The path has become clear for No. 15 Boise State.
Simply win out the rest of the way, and Boise State will have a chance to find a spot in one of the major New Year's bowl games and cash a rather large check.
The Broncos (5-0, 2-0 Mountain West) face the Rams then turn around and host BYU next Thursday. If Boise State can get through this two-game stretch unscathed, the remaining regular-season challenges will all come on the road — Oct. 29 at Wyoming, Nov. 12 at Hawaii and Nov. 25 at Air Force.
"Nobody has really stopped these guys," Colorado State coach Mike Bobo said. "They're very, very successful, and they're very successful early in games. They jump on people."
The reason there is so much looking forward now when it comes to the Broncos is because Houston lost at Navy last week. Houston seemed destined to be the Group of Five member to land in one of the New Year's Six bowl games, but the loss to Navy cleared the path for Boise State to step in should the Broncos stay unbeaten through the regular season and win the Mountain West title game.
Boise State's ranking is its highest since finishing the 2011 season ranked No. 8.
"Our opponents didn't rank us so we're focused on them," Boise State coach Bryan Harsin said. "How it's all been laid out up to this point it really doesn't matter. What matters is we go out each week and play each and every week like we have been."
Colorado State (3-3, 1-1) may have turned around its season with a comeback victory over Utah State last Saturday despite the loss of freshman quarterback Collin Hill to a torn ACL that ended his year. With three of the next four on the road, the Rams needed the win over Utah State to keep their hopes for a fourth straight bowl game on track.
"This football team has improved from last season," Harsin said. "They're tougher. They're physical. They play four quarters and that showed up against Utah State."
Other things to watch as Boise State looks to remain unbeaten against Colorado State:
Quarterback change for Colorado State
The loss of Hill for the season means Nick Stevens moves back under center as the Rams' starting quarterback. A year ago, Stevens was a second-team All-Mountain West selection after leading the Rams to a 7-6 season and throwing for 2,679 yards and 21 touchdowns.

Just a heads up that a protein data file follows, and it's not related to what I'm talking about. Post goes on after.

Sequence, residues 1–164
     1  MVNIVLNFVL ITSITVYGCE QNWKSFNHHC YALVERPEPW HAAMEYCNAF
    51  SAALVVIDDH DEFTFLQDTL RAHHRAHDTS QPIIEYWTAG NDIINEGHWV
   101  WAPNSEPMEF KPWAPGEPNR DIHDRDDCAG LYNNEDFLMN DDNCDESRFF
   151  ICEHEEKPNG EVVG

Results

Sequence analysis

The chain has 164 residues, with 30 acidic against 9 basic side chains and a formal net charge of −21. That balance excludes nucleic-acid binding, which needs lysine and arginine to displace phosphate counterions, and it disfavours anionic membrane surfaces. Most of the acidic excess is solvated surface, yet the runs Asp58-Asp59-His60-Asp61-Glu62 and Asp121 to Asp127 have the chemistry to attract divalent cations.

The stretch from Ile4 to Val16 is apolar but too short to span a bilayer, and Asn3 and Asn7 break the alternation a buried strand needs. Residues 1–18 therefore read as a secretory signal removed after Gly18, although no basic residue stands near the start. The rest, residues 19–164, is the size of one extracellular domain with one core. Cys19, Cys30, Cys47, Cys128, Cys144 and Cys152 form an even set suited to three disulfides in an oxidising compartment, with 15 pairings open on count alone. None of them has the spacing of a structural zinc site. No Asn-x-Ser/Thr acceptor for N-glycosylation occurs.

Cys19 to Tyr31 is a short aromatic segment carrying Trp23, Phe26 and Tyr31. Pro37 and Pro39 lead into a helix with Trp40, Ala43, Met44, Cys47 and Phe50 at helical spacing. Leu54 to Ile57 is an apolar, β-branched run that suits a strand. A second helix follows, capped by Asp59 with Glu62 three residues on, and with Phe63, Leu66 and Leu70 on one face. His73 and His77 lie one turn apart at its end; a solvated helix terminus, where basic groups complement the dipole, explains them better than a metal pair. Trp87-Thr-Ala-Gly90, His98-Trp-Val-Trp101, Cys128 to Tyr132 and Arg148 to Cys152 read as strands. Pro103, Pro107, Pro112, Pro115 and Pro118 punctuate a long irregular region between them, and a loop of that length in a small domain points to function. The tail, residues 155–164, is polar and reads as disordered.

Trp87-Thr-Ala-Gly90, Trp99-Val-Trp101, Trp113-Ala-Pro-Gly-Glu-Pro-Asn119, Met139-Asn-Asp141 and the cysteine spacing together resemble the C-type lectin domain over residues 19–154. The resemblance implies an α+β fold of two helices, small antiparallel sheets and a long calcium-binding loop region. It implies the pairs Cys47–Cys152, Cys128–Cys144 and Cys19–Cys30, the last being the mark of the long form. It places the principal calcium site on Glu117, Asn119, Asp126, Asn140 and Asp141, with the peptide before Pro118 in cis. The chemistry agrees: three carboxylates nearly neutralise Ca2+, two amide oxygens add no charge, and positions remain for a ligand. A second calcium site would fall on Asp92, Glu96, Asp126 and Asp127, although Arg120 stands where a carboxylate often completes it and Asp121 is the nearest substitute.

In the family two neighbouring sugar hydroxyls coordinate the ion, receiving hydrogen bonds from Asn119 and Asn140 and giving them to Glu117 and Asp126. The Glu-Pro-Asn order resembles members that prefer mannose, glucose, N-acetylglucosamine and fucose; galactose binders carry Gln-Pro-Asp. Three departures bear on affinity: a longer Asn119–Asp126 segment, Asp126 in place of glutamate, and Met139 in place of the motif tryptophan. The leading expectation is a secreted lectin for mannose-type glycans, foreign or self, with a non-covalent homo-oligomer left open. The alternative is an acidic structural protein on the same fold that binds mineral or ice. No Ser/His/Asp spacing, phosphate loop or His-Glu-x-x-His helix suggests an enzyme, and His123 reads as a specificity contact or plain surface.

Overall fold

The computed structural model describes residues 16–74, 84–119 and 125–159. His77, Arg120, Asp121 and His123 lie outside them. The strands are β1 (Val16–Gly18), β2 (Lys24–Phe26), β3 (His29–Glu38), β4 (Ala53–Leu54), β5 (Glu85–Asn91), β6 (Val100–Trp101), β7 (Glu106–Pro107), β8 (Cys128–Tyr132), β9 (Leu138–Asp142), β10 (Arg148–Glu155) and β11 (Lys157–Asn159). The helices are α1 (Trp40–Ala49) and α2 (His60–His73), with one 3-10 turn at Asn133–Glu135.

But he lost the starting job this season after a poor performance in the opener against Colorado and has played sparingly since.
"I think he hit the reset when he went from first team to second team," Bobo said. "He went back to work on some things we wanted him to improve on."
Multiple targets emerging around Boise State's Sperbeck
Thomas Sperbeck remains the favored pass-catching target for Boise State quarterback Brett Rypien.
Cedrick Wilson is quickly becoming a favorite of Rypien's as well.
After a quiet few weeks, Wilson broke out with nine catches for 167 yards and three touchdowns last week against New Mexico.
Rypien threw for 391 yards and five touchdowns against the Lobos on just 21 completions.
Turnover margin favoring Colorado State
Turnovers have helped define Colorado State's season thus far. In two of their three victories, the Rams avoided turning the ball over. In their three losses, Colorado State has eight combined turnovers.
Forcing turnovers is one aspect lacking from Boise State's defense. Through five games, the Broncos have forced just three turnovers.
Throwback Saturday: Broncos honoring 10th anniversary of Fiesta Bowl win
"Who's the 'next Boise State?'". Well, THIS Boise State hasn't gone anywhere. Hear why the Bronco culture keeps Boise State among the elite. pic.twitter.com/qGfs1nRPfo— Boise State Football (@BroncoSportsFB) October 14, 2016
Boise State is honoring the 10th anniversary of its Fiesta Bowl victory over Oklahoma on Saturday night with a reunion of players from that team. The Broncos will also wear the same uniform combination from that famous victory — white jerseys, orange pants and blue helmets. It's the first time Boise State has worn white jerseys at home since the 2005 MPC Computers Bowl against Boston College.
This article was written by Tim Booth from The Associated Press and was legally licensed through the NewsCred publisher network.